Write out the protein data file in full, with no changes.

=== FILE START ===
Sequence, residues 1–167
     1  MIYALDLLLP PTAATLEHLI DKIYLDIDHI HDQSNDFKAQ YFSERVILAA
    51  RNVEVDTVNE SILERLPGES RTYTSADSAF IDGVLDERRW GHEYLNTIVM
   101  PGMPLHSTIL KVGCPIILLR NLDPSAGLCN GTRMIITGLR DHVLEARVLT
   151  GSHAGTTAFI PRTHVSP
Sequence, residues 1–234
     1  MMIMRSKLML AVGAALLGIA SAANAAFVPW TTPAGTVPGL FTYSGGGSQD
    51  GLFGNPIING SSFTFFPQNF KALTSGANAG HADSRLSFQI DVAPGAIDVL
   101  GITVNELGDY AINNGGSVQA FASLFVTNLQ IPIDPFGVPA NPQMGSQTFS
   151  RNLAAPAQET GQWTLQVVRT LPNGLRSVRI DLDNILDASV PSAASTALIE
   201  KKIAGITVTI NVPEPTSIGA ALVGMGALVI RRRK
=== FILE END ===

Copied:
Sequence, residues 1–167
     1  MIYALDLLLP PTAATLEHLI DKIYLDIDHI HDQSNDFKAQ YFSERVILAA
    51  RNVEVDTVNE SILERLPGES RTYTSADSAF IDGVLDERRW GHEYLNTIVM
   101  PGMPLHSTIL KVGCPIILLR NLDPSAGLCN GTRMIITGLR DHVLEARVLT
   151  GSHAGTTAFI PRTHVSP
Sequence, residues 1–234
     1  MMIMRSKLML AVGAALLGIA SAANAAFVPW TTPAGTVPGL FTYSGGGSQD
    51  GLFGNPIING SSFTFFPQNF KALTSGANAG HADSRLSFQI DVAPGAIDVL
   101  GITVNELGDY AINNGGSVQA FASLFVTNLQ IPIDPFGVPA NPQMGSQTFS
   151  RNLAAPAQET GQWTLQVVRT LPNGLRSVRI DLDNILDASV PSAASTALIE
   201  KKIAGITVTI NVPEPTSIGA ALVGMGALVI RRRK